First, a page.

Living in DC, there is an active archaeology program on the early history within the beltway with many exciting discoveries. What is visible for the hundreds of thousands who visit the Smithsonian every year for free, though, are artifacts from the past and present of many cultures around the world. Over the decades, the Smithsonian was also actively involved in scientific excavations (Think Shanidar in Iraq in the 1950s! Think Tell Jemmeh! in the 1970s! Think the fantastic Archaeology Conservation Program!), and while being studied and researched upon, artifacts from around the world are on display to promote an understanding of responsibilties and shared cultural heritage.

In December 2010, I became Assistant Curator at the Smithsonian’s Museum of Asian Art, the Freer|Sackler Gallery. Two weeks ago, we opened a small installation on Iron-Age ceramics from the area south of the Caspian Sea in Northern Iran. As a curatorial intern in the Ancient Near Eastern Art Department, Sarah Johnson, co-author of this entry, who worked herself on an excavation in Syria in 2010, has helped to prepare the installation, and is currently doing research on the museum’s collections. This little blurb on a well preserved vessel from Iran currently not on display (S1998.326), gives an idea on only one aspect of what we can do in a museum, and reminds us upon one aspect of archaeology, minutely and more detailed record keeping and publishing.

It is both ironic and fitting that a photograph, we only recently rediscovered in the archives of archaeologist and early Iran explorer Ernst Herzfeld (1879-1948) sheds light on vessel S1998.326. Thanks to an early fine pencil label “Tepe Giyan” written on the back of the photograph, the jar can now placed with certainty to the site of Tepe Giyan, a large archaeological mound in Northwestern Iran near the modern city of Nahavand.

The jar had  entered the museum in 1998. It was purchased by Victor and Takako Hauge in a shop at a Bazaar in Tehran between 1962 and 1965.  Interestingly, Herzfeld came by his first Tepe Giyan ceramics in nearly the same way.  In his own words: “In 1926 I found, in a shop at Hamadan … two little vases … They had a prehistoric air, but the dealer did not know whence they came.  Mere chance, a year later, led to the discovery of their provenance—Tepe Giyan near Nihawand—whence some more pieces were brought to me.”  Just as Herzfeld used older excavation records to identify his vases, “mere chance” led us  to discover this photograph of a vessel, acquired by the Hauges, in Herzfeld’s records a few weeks ago.  The vessel and its connection to Herzfeld underline the important connection between archaeology, objects and archives in a museum setting. The gap in provenance for this vessel resulted from the separation of the vessel from the excavation photographs and a paucity of published materials on Herzfeld’s own work at Tepe Giyan and at other prehistoric sites.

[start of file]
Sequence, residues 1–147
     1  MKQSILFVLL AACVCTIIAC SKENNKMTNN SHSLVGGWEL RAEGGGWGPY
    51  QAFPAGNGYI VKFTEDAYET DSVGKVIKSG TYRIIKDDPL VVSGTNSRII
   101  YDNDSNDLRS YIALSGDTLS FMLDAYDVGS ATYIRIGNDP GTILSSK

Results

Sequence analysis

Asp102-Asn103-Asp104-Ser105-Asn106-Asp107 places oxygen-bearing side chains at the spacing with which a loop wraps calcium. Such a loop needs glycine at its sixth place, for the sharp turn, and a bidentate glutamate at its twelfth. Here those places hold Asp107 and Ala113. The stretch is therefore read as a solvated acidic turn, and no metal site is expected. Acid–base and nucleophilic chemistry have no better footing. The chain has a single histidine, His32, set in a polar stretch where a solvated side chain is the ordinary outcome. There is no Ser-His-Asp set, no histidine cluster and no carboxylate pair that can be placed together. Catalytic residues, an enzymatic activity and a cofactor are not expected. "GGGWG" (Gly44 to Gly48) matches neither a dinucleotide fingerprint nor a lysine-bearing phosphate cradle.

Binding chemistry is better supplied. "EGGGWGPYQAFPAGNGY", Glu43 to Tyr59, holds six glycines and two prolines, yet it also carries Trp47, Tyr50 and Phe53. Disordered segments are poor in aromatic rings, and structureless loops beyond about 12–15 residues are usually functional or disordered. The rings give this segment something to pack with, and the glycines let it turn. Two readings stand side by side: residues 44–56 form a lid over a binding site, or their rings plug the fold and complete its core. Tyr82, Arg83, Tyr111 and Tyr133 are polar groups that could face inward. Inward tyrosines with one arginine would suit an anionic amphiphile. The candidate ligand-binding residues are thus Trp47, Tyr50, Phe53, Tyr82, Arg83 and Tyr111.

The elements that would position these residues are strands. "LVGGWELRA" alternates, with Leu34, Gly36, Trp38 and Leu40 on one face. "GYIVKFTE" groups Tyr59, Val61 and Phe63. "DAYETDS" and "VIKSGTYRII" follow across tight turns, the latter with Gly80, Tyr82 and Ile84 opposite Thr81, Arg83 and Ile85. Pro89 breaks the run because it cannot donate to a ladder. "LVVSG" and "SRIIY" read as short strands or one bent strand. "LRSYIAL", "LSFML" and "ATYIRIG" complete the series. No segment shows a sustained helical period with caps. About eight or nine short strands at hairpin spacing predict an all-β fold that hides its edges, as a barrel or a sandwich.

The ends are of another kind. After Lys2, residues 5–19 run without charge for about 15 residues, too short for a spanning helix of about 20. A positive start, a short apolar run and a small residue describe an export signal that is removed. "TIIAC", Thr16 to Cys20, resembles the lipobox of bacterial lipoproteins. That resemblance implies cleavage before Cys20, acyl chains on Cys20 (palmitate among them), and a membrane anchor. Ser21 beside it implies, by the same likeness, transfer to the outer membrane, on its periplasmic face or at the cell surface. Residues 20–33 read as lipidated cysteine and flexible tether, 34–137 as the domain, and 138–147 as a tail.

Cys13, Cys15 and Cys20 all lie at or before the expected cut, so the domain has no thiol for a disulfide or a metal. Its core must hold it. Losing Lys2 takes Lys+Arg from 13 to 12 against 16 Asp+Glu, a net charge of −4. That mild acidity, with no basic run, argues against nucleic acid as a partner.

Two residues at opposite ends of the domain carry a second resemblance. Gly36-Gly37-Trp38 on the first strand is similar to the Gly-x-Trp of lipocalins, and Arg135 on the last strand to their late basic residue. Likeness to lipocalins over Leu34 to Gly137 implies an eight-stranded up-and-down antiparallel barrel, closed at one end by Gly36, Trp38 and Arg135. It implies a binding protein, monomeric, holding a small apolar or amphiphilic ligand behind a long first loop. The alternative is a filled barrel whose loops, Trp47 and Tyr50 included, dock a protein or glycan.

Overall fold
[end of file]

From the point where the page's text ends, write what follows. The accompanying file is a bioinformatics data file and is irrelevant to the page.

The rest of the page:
The site of Tepe Giyan presented challenges from the start of excavations there.  Herzfeld first became interested in the site after finds from Tepe Giyan appeared in the market. The French held a monopoly over excavations in Iran from 1895 to 1927, but in 1928 motivated by rampant looting occurring there, Herzfeld began hurried excavations at Tepe Giyan. In 1930, he mentions that excavations (he does not provide the name of the excavators, so one must assume it was local archaeologists) have left only one third of the hill standing. This article in 1930 remained his only published material on Tepe Giyan until the 1930s when he suggested in the preface of Archaeological History of Iran that he would complete a three volume work on prehistoric art in Iran.  This work never appeared largely because of political reasons.  In the 1930s, Herzfeld was increasingly shunned by his German colleagues due to the rise of Nazism, and as a result, he lost much of his German funding.  His section on prehistoric art in Iran in the Ancient East (1941) remains his most comprehensive contribution to the study of Tepe Giyan and prehistoric ceramics.  His emphasis on his exhaustive editing of the prehistoric section in the introduction to this book suggests that he had more to say on prehistoric Iran, which was unfortunately never published.  Fortunately, the site was excavated in the early 1930s by a French team lead by Georges Contenau (1877-1964) and Roman Ghirshman (1895-1979), who later received a Freer Gold Medal for his accomplishments in Iranian archaeology. Most of what we know today about the early excavations at Tepe Giyan stems from the published excavation records of Contenau and Ghirshman.

While we can now place S1998.326 at the Tepe Giyan site, one of the many questions we may not able to answer is how the vessel get to the Tehran Bazaar of the 1960s.  Herzfeld often photographed and documented objects not from his own excavations so it is possible that he saw this object in Tehran or at a market of a neighboring town to the site.  Evidence that he sold many of the seals found at Tepe Giyan and other prehistoric sites to a dealer in New York suggests the possibility that Herzfeld himself may have sold the jar.  Difficult to fathom today, archaeologists often played the role of both the collector and the scholar in the early 20th century. The rediscovery of a single photograph is sometimes a testament to the benefits of the recording of artifacts in minute detail.